I think because I had anxiety, I was willing to entertain either solution, but not both at the same time. So for example, I would be happy to go to AA meetings if you were expected to be drug and high while you were there–then I could handle the anxiety. But to get completely clean and sober, have to deal with anxiety, and then speak in front of a room full of people at an AA meeting? That was just too much for me to contemplate. So while I continued to drink and self medicate, I basically wrote off that solution and figured that recovery just wasn’t for me. It was too darn scary for someone with anxiety.

Now what I thought was real anxiety in my life was actually just a symptom of alcohol withdrawal. Little did I realize that pretty much anyone who is physically dependent on alcohol is going to experience some degree of anxiety as they are going through withdrawal from the booze. That is normal and should be expected.

What I was doing, however, was projecting this “withdrawal anxiety” on to the rest of my life in sobriety. I was assuming that it would never get any better. I tended to be fairly shy anyway, and getting drunk fixed this really, really effectively (sometimes too effectively, of course….we all know how that goes too).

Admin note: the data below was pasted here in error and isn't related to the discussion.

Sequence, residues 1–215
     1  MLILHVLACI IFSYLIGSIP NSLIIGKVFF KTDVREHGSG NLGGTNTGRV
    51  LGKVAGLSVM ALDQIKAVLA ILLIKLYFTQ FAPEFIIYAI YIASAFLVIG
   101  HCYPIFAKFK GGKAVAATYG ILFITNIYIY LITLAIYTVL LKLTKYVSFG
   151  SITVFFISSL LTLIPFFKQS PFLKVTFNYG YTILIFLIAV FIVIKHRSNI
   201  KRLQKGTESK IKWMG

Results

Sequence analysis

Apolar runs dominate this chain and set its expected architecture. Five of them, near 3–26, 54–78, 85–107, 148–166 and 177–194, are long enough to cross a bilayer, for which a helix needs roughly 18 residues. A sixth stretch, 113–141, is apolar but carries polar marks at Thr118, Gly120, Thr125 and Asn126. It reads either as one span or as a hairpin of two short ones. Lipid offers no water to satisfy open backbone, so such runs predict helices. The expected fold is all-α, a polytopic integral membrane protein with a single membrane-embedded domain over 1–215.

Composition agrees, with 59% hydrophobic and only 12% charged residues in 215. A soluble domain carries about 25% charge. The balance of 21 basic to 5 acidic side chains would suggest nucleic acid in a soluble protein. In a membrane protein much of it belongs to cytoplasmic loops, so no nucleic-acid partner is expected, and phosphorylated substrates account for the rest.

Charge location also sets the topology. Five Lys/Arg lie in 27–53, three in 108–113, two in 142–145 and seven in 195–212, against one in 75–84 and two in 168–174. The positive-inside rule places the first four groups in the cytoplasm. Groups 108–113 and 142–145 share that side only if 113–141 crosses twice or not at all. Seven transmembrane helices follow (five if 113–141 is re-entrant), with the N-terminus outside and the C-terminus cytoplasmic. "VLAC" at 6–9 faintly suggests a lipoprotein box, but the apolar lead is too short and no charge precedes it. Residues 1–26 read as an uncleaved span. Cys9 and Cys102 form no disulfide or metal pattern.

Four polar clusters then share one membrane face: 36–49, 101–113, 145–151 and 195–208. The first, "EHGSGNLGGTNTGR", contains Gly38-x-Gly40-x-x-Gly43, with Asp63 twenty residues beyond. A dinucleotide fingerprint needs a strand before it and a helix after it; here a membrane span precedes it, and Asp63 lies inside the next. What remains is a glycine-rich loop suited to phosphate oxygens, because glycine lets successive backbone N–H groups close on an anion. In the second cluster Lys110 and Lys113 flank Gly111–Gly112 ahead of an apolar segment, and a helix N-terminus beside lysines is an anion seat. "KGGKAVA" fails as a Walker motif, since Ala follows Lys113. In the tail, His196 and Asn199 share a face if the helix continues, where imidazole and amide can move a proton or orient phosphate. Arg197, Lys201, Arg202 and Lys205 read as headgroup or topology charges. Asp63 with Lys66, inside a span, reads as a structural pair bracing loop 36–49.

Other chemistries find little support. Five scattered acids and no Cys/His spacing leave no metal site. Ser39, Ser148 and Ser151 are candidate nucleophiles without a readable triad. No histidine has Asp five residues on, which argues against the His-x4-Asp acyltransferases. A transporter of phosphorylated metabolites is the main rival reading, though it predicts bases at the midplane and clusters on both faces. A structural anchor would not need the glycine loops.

So what happened is that eventually I reached a point in my life in which I was so miserable and so sick and tired of trying to chase after my “happiness” by getting drunk and high every single day, that eventually I just reached a tipping point. That tipping point is known in recovery as the “gift of desperation.” I was on the verge of self destruction and I was trying to medicate away my misery using anything that I could get my hands on and it just wasn’t working any more. I can remember being all alone in my apartment, drinking very strong liquor and using other drugs, all by myself, and I had expected this to feel like a great party and a good time. There I was, all alone, the perfect night of drinking and drugs, and I realized that I was still miserable in spite of the “perfect” setup. I had everything that I wanted and I was miserable.

Suddenly the misery smacked me in the face. Suddenly I got a true glimpse of my future: I was just going to keep drinking and chasing drugs, all alone in the world, trying to find happiness. And yet there I was, alone and fooling myself, realizing that I wasn’t actually happy at all. I was just alone and medicated.